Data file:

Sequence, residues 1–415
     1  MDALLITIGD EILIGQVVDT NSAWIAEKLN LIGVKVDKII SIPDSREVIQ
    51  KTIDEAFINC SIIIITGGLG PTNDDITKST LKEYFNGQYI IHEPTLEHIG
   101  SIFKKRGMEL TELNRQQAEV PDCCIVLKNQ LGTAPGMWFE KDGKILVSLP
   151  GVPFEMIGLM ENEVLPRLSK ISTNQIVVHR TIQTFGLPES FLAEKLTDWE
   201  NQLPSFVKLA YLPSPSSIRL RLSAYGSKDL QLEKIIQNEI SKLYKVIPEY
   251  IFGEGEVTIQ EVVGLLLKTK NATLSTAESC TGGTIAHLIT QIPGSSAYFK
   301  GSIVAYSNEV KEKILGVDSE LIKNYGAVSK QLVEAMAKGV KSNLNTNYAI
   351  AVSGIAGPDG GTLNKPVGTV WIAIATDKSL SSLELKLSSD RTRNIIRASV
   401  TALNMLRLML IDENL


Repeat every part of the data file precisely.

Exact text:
Sequence, residues 1–415
     1  MDALLITIGD EILIGQVVDT NSAWIAEKLN LIGVKVDKII SIPDSREVIQ
    51  KTIDEAFINC SIIIITGGLG PTNDDITKST LKEYFNGQYI IHEPTLEHIG
   101  SIFKKRGMEL TELNRQQAEV PDCCIVLKNQ LGTAPGMWFE KDGKILVSLP
   151  GVPFEMIGLM ENEVLPRLSK ISTNQIVVHR TIQTFGLPES FLAEKLTDWE
   201  NQLPSFVKLA YLPSPSSIRL RLSAYGSKDL QLEKIIQNEI SKLYKVIPEY
   251  IFGEGEVTIQ EVVGLLLKTK NATLSTAESC TGGTIAHLIT QIPGSSAYFK
   301  GSIVAYSNEV KEKILGVDSE LIKNYGAVSK QLVEAMAKGV KSNLNTNYAI
   351  AVSGIAGPDG GTLNKPVGTV WIAIATDKSL SSLELKLSSD RTRNIIRASV
   401  TALNMLRLML IDENL